For Mississippi schools, students and teachers have been out of school for about two weeks. Since that time, I have had the time to reflect on this past school. My mind ventured to teacher performance, state testing, parental involvement, school culture, events, and activities. My thoughts about this school year kept returning to an interesting topic. Defining this generation of kids. So here’s my question. What is up with this generation of kids we are teaching at our middle school? These kids are engulfed with themselves, get wrap up with entertaining themselves or others, and they believe that things should come easy to them, really given to them. I call this group of middle schoolers the “E Generation.” To me, the E generaton is about being egocentric, seeking entertainment, and wanting entitlements.
Here's another question. What is the most popular activity for kids to do with their smart phone? Texting, no. Google searches, no. Taking pictures of the themselves, yes. This generation is emersed with taking "selfies." These kids want to capture not only the moment, but capture the moment with them taking front stage. I have nothing against taking selfie's. My wife takes selfies, makes comments about the face, and posts to snapchat. Snapchat is the thing my middle schoolers are using to talk to their friends. They communicate by taking selfes, making comments, and sending it into the cloud. Call it another option for them to talk with each other. In my personal opinion, I wish this generation would stop making it all about them. Rather, I want this group to recognize the people around them and add value to their lives. Adding value to others first and focusing the moment on a "we" experience instead of "me," we will make this world a better place.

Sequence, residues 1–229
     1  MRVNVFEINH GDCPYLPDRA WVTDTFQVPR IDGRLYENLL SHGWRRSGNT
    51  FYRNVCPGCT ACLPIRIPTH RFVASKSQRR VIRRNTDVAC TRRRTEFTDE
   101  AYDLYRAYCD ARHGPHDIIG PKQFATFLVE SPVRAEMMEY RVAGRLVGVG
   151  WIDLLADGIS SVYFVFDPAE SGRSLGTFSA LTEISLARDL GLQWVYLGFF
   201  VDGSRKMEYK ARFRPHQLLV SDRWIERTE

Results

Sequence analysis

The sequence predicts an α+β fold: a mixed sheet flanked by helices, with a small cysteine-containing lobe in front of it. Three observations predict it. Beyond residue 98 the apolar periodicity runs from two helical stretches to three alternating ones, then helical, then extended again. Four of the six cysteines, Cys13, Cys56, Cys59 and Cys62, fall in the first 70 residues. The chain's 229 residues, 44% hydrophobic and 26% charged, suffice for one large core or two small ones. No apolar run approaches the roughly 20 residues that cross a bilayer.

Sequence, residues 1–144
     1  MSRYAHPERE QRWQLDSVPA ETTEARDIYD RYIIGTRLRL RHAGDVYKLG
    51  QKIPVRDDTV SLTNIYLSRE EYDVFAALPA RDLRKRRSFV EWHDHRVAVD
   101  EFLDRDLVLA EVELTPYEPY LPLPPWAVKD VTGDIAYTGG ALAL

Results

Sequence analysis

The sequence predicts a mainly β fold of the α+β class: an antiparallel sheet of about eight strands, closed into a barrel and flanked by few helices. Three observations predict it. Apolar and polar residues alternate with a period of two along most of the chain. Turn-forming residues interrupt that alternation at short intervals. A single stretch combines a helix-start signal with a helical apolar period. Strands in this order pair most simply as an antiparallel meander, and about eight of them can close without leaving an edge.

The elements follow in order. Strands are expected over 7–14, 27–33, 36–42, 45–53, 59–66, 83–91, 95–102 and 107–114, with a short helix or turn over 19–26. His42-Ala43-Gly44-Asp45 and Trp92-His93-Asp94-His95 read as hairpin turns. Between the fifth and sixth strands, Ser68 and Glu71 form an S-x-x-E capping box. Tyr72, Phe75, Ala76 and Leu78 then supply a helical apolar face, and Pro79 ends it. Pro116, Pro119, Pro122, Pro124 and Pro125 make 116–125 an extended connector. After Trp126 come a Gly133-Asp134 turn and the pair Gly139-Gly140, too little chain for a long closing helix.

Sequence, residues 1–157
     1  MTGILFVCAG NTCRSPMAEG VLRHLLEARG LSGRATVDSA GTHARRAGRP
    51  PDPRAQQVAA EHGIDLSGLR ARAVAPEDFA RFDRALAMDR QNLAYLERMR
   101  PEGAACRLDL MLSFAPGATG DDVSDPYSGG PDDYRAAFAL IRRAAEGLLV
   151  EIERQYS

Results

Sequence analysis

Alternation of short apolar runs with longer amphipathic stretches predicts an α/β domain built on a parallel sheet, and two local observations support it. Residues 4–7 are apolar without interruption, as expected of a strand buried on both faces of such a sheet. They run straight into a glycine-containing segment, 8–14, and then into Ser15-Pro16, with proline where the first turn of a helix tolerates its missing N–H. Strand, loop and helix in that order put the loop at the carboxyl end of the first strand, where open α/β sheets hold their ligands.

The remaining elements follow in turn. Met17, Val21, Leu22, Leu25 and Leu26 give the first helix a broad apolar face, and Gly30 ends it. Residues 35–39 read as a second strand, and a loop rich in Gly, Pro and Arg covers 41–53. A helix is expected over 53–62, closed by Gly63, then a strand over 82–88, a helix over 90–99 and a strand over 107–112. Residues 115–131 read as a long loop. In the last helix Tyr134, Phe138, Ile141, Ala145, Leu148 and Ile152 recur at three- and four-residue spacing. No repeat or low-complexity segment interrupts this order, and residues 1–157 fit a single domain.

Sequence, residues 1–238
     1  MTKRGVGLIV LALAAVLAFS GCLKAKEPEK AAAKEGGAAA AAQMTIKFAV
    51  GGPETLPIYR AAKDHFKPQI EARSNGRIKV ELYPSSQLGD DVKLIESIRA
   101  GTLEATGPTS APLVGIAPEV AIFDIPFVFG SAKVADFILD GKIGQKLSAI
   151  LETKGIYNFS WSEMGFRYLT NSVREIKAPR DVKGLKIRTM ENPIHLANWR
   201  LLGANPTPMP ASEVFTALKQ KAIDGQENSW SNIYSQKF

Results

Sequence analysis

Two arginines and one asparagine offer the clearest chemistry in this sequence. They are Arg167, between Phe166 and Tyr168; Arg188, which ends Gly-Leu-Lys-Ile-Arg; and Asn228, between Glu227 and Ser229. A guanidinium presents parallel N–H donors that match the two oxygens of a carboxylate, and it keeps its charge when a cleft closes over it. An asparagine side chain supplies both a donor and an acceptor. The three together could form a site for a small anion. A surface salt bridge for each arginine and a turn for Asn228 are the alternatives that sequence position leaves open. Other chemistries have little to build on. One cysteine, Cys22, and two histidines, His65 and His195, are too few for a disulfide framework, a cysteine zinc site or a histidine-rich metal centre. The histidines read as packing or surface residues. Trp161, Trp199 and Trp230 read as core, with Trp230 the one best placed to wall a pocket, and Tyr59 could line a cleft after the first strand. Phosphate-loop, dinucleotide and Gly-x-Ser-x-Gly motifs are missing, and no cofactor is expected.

When I hear the word entertainment, I think of tv channels like entertainment weekly, e-news, and A&E network. If you get a chance to visit the channel, stop and watch a show for five minutes. Quickly, you would see that tv shows have designed their line-up to focus and expose a person of social interest. Usually, the programmers give the TV viewers mess. Our kids are looking for "mess" too. What's mess? I learned that word this year while deescalating girl drama during the school day. Mess is talking about someone, slandering their name, and/or filling false ideas about someone else to another person. Mess creates a show, and our students want nothing else than to see a show from other students. This type of entertainment breeds negativity and unhealthy conversations. However, this generation of students depend on it to ge through the day. Learning how to pickup on these negative vibes, defusing them, and providing another talking point will help our kids see that "mess" is truly unnessecary and not what good entertainment is about.
Lastly, these kiddos want things given to them. They don't value honest, hard work. They was immediate gratification. Entitlement will only get worse if we don't step up, identify and solve this problem. Bill O'Reiley from Fox News made this statement about entitlements. "Entitlement is eroding our well being. Self sufficient stronger. Dependent weaker. Former president Ronald Reagan once said that "the best social program is a job." We, teachers and parents, need to instill in this generation to be independent, work hard in school or in a career, and earn a decent return on investing in a job.
The picture says that our kids we teach are in Gen Y. Some authors have coded this group of kids we teach as the iY generation where kids are ingulfed with the latest "i" gadget. I want to stress and suggest that we do our research and become reflective on this Gen E. Don't allow these kids to profess egocentrism, to watch useless entertaining junk, and to rely on hand outs. We must focus on what really matters in life. To me, what really matters in life is adding value to others, not yourself, spending your time on quality entertaining material, and working in a society where honest, hard work is valuable.